Posts filed under ‘Joe Paterno’
Paterno movie update: Jessica Tully of Onward State checked in with David McKenna, the screenwriter for a planned biopic on Joe Paterno based on the book by Joe Posnanski. There’s still no timeline. There’s still no casting update, although Al Pacino is still apparently slated to play Paterno. McKenna said he had admired Paterno growing up, since he’d watched Penn State’s 48-14 victory over Pitt in 1981. Said McKenna: “I vividly remember asking myself ‘Who’s that little Italian guy with the glasses on the sideline?’ Well, let’s just say I was hooked after that.”
Married on campus: It shouldn’t surprise anyone that when Buzzfeed decided to do a list of “insanely beautiful colleges you can get married at,” Penn State made the list. I don’t think the photos do this place justice, though. Old Main is a great venue, but I can’t believe Buzzfeed couldn’t find wedding party photos from the gardens outside my office at the Hintz Family Alumni Center or at the Arboretum. Photos like those might have put Penn State higher than No. 13.
Income gap widening: Economists in the College of Agricultural Sciences released a report Tuesday that’s sobering for residents of Pennsylvania: the state lost 16,000 jobs from 2001 to 2011, and the economists also found what Ted Alter, professor of agricultural, environmental and regional economics, called “major shift in employment from higher to lower wage industries.” Ted Fuller, development economist in the college’s Center for Economic and Community Development, noted that “this loss of high-middle wage jobs–through recent cyclical ups and downs alike–probably does not bode well for the Pennsylvania economy.” You can read the Penn State news release by clicking here or check out the full report at this link.
Trumka celebrates Lincoln: And if you’ve not yet digested enough coverage of the 150th anniversary of the Gettysburg Address, which was Tuesday, you should check this out: Richard Trumka ’71, president of the AFL-CIO, participated in a project by documentary filmmaker Ken Burns and PBS in which celebrities recited the Gettysburg Address. His reading clocks in at 1 minute, 51 seconds. It’s a genius speech, so it’s always worth your time to listen.
Lori Shontz, senior editor
It’s certainly not news that Penn State’s Board of Trustees has some divisions:
—In the past two alumni trustee elections, candidates upset with the board’s handling of the Sandusky scandal—and particularly its treatment of Joe Paterno—won election by large margins.
—Friday’s election for vice chair won’t be a formality, because there are two candidates, Ryan McCombie ’70 and Paul Silvis ’06g. Although it’s not unprecedented to have an actual vote, it is rare. (And there were three candidates until Linda Brodsky Strumpf ’69 withdrew Thursday morning.)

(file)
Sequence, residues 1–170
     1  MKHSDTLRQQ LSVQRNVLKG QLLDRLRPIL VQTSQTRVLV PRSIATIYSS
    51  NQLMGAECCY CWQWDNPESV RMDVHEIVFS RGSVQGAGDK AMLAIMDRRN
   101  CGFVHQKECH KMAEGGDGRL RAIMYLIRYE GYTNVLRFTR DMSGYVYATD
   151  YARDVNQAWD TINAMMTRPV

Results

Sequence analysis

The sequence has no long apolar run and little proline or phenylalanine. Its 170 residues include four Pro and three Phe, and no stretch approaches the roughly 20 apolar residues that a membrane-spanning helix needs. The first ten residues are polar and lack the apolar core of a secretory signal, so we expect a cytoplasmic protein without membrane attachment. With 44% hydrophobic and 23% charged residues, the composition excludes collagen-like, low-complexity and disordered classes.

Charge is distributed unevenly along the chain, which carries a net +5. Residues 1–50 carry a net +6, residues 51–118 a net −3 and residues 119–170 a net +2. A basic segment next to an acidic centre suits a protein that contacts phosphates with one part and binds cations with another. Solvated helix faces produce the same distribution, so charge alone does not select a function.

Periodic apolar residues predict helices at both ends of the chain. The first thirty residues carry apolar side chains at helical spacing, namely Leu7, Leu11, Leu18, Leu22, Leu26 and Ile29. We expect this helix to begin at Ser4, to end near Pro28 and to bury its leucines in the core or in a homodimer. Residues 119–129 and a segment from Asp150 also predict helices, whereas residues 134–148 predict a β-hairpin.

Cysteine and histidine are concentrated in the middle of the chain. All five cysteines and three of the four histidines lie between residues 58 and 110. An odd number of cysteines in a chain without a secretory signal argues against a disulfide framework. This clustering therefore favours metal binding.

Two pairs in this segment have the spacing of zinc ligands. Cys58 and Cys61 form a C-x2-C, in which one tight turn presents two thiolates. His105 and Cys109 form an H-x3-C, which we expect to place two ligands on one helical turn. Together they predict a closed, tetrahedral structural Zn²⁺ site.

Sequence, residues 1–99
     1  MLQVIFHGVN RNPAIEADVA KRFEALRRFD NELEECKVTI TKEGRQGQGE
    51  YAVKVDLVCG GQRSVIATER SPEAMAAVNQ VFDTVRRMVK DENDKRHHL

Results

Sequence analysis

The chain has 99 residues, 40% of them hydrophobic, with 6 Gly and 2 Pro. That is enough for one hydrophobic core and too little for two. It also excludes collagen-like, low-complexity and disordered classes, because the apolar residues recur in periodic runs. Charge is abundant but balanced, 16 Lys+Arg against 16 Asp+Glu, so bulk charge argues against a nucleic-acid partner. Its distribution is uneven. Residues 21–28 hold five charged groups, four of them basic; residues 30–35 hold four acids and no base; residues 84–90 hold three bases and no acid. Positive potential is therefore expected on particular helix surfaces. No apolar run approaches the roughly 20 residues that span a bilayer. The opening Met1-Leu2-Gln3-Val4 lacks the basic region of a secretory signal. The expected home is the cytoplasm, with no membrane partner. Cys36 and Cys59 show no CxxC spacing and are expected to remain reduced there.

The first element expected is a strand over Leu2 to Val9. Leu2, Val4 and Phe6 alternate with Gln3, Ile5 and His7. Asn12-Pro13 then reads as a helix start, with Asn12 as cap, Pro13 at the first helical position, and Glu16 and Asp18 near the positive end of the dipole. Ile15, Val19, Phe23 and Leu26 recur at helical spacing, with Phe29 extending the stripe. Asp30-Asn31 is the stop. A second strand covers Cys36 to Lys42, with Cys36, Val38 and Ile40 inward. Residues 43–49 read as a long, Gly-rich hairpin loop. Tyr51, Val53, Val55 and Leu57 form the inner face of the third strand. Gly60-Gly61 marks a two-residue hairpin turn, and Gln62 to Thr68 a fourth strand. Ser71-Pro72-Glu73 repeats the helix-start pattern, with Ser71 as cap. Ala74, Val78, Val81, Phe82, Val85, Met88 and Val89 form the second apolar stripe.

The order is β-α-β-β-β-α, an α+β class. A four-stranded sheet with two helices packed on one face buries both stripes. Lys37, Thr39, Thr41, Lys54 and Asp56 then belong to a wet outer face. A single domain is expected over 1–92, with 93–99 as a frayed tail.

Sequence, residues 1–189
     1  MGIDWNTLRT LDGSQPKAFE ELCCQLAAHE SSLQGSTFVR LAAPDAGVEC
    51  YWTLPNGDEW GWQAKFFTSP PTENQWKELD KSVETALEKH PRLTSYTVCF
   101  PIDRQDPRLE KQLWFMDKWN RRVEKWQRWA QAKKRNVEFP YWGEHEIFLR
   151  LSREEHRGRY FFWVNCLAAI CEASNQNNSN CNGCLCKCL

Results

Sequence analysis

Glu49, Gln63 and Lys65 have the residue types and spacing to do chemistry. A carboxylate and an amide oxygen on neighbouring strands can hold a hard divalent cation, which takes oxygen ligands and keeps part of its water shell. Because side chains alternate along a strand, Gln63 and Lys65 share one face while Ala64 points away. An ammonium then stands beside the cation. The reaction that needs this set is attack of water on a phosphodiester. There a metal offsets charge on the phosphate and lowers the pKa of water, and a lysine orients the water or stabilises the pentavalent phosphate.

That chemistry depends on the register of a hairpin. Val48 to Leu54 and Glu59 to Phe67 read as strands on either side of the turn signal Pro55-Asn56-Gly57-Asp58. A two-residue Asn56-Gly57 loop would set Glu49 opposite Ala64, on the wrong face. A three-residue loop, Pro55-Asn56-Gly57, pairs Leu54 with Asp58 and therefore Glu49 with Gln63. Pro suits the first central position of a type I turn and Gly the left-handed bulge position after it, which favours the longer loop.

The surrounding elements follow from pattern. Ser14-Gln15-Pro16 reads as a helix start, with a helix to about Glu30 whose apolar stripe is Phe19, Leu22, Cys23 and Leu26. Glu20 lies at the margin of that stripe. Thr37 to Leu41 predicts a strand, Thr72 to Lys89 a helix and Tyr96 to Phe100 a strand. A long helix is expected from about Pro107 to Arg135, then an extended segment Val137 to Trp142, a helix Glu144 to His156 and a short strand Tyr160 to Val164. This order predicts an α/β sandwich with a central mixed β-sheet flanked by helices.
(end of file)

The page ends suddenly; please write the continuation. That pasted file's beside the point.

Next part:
—Five of the trustees have joined the Paterno family, former Penn State football coaches and players, and Penn State faculty in a lawsuit against the NCAA.
But for a vivid example of the division—and the emotion involved—look no further than the governance and long-range planning committee’s discussion Thursday afternoon at Penn State Fayette about whether to recommend two former trustees for emeritus status.
The background: Emeritus status is granted to former trustees who have “served as a board member for 12 years or more with distinction,” according to the board’s standing orders (click here for a PDF; scroll down to page 11 for the specific criteria considered). Making clear the role of emeritus trustees and deciding upon more specific criteria has come up in discussions about governance reform, but the issue hasn’t really been discussed deeply.
On Thursday afternoon, for the first time since the scandal, the governance committee considered recommending former trustees for emeritus status. Keith Eckel, the new chair of the committee, put forth the names of the two alumni trustees who left the board in June 2012: David Jones ’54, who decided to not run for reelection, and Anne Riley ’64, ’75g, who was defeated. Both had been on the board since 1997.
Immediately, alumni trustee Anthony Lubrano ’82 spoke up.
“These two may well be qualified to receive that status from this board,” he said. “But I think we would be sending the wrong message to our community if we granted them the status today when we haven’t yet decided what status we give to Joe Paterno, who gave 61 years of exemplary service.”
Barbara Doran ’75, who just joined the board after becoming the top vote-getter in the most recent alumni trustee election, immediately backed him up. “I think it’s a legitimate issue because of where the alumni are,” she said. “One issue is how Joe Paterno has been treated. I know the board has said at some point in time it’s going to honor Joe Paterno, but that time is not here yet. So I think this timing on this … the time now is not ideal in terms of alumni feeling about this.”